I’ve been re-reading (until I can get my happy hands on some of the books and stories I don’t yet have) a couple of George Simenon’s marvelous Inspector Maigret stories and books lately. Like many of my favorite yarns by my favorite yarn-spinners, I like to read or re-read some Maigret every so often. It’s always enjoyable just to delve back into the wonderful Parisian/French and mystery/crime and memorable character atmosphere and world Simenon created. One of the books re-read not long ago was Maigret and the Madwoman, which touches on a murder and a crime, but also into the, oh, person of Maigret himself in a way that pulls you in – or me, at least! Since it’s a re-read, and since Maigret liked tipples of various sorts, not so surprising that there is already a Maigret and the Madwoman Cocktail Talk Part I (which you should read, along with all the Inspector Maigret Cocktail Talks). Part II, this one, is wine-centric, and ideal for a spring day like today. Actually, I think I’m going to continue my reading with a chilled glass of white wine myself!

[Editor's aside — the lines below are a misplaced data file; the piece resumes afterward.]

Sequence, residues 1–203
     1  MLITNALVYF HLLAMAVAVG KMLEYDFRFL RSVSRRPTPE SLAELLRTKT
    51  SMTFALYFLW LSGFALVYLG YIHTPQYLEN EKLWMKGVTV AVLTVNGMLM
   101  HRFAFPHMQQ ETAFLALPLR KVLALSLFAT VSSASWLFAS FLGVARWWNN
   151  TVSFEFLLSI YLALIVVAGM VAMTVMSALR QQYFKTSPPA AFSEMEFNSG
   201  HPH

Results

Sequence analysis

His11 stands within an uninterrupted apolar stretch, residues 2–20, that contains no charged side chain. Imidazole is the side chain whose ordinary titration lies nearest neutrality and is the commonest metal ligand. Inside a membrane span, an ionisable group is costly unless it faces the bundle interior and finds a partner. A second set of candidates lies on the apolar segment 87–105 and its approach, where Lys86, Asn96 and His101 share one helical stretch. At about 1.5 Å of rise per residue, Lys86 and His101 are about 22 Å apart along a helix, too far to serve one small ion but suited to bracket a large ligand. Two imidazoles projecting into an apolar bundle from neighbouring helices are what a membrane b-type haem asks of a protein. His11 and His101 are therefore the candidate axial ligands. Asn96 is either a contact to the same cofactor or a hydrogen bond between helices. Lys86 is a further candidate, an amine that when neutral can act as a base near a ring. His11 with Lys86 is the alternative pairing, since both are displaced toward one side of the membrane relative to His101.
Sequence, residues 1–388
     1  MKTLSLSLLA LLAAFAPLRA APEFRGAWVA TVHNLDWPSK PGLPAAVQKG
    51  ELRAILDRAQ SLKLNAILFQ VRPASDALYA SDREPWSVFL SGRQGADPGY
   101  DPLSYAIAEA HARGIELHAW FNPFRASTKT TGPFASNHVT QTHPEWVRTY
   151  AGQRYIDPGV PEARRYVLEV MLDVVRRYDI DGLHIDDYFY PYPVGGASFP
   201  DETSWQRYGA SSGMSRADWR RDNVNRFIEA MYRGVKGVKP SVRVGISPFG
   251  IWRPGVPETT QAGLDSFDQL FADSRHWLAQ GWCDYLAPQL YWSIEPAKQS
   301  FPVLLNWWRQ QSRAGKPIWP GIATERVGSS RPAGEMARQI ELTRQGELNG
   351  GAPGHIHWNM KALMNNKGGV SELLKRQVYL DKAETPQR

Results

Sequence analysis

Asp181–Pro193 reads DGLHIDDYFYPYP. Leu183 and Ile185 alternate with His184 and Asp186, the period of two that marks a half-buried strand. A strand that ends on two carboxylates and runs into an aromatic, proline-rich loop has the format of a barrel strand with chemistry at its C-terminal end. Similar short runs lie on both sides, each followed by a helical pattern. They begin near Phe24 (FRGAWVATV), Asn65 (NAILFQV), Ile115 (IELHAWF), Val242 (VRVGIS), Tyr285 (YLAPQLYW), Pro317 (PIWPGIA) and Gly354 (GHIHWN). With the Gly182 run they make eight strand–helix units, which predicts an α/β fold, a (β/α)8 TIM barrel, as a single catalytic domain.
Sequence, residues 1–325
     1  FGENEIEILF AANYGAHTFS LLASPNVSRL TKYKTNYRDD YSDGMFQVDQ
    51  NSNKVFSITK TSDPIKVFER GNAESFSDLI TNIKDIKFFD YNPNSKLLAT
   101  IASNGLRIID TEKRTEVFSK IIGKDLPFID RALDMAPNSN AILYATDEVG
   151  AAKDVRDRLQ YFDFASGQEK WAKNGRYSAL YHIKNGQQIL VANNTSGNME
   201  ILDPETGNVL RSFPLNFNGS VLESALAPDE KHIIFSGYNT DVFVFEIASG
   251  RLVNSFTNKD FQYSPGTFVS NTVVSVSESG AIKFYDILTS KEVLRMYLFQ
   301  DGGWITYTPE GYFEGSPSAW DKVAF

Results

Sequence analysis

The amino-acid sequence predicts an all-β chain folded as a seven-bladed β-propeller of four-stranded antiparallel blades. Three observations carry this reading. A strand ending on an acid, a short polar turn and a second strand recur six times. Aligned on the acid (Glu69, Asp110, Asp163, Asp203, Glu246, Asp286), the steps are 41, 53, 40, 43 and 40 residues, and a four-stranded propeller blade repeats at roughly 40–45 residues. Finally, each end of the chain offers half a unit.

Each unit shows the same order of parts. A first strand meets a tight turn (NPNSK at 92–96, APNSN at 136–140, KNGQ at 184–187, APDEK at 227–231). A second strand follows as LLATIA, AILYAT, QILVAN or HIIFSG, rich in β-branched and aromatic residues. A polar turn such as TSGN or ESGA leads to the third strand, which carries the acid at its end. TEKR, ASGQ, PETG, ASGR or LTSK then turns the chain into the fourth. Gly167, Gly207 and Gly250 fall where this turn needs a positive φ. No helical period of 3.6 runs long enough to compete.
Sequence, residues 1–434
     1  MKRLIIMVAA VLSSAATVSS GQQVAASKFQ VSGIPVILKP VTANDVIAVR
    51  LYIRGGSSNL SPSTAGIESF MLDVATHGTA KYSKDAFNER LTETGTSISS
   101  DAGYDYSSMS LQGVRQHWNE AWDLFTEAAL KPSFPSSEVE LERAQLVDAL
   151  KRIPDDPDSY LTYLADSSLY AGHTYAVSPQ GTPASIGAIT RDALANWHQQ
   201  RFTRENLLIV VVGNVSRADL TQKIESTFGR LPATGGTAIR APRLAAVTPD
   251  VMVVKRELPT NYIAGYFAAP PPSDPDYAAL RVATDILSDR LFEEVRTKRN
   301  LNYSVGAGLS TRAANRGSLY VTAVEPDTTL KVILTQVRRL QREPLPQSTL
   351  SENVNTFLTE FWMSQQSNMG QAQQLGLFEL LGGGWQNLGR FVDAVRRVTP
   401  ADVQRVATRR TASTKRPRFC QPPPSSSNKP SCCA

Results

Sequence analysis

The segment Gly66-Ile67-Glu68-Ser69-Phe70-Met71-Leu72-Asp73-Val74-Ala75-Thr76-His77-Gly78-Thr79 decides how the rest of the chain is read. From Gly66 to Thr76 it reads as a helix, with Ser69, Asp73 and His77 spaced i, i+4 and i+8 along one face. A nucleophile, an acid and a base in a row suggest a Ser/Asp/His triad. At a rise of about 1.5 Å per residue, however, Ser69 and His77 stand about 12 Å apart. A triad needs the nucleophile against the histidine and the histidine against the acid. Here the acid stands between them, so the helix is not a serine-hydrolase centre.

On his way back to the Quai des Orfevres, Maigret stopped at the Brasserie Dauphine for a glass of white wine from the Loire. He didn’t feel like a beer. The white wine in the frosted glass, with just a hint of a sparkle, seemed more appropriate on this lovely spring day.
It was one of the slackest time of the day. Except for a delivery man in a blue apron, there was no in the café.
He decided to order another.
–George Simenon, Maigret and the Madwoman
February 4, 2020
Well, I decided I needed a second Cocktail Talk from the Simenon book where Superintendent (at this point) Maigret mingles with the uber rich – don’t miss Part I. In it, I have a quote that’s respectably boozy, but doesn’t actually have our stoic Superintendent himself having a drink. So, here we are, with the below quote from a time when Calvados wasn’t considered the smart thing it seems – hard to believe that now.
There were many people there, and the air was thick with cigar and cigarette smoke; besides the superintendent’s, there was only one other pipe smoker.
“What can I give you?”
“Do you have any Calvados?”
He didn’t see any on the shelves, where every brand of whisky was displayed. The barman unearthed a bottle, however, and filled a huge balloon-shaped glass, as if any other sort of vessel for liquor was unknown here.
–George Simenon, Maigret and the Millionaires